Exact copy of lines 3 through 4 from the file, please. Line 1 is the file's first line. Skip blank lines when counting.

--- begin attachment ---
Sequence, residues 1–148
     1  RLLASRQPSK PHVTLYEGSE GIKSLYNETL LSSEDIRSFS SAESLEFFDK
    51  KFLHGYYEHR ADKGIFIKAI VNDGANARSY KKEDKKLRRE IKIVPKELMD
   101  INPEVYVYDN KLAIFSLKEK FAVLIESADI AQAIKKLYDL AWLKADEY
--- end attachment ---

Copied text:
    51  KFLHGYYEHR ADKGIFIKAI VNDGANARSY KKEDKKLRRE IKIVPKELMD
   101  INPEVYVYDN KLAIFSLKEK FAVLIESADI AQAIKKLYDL AWLKADEY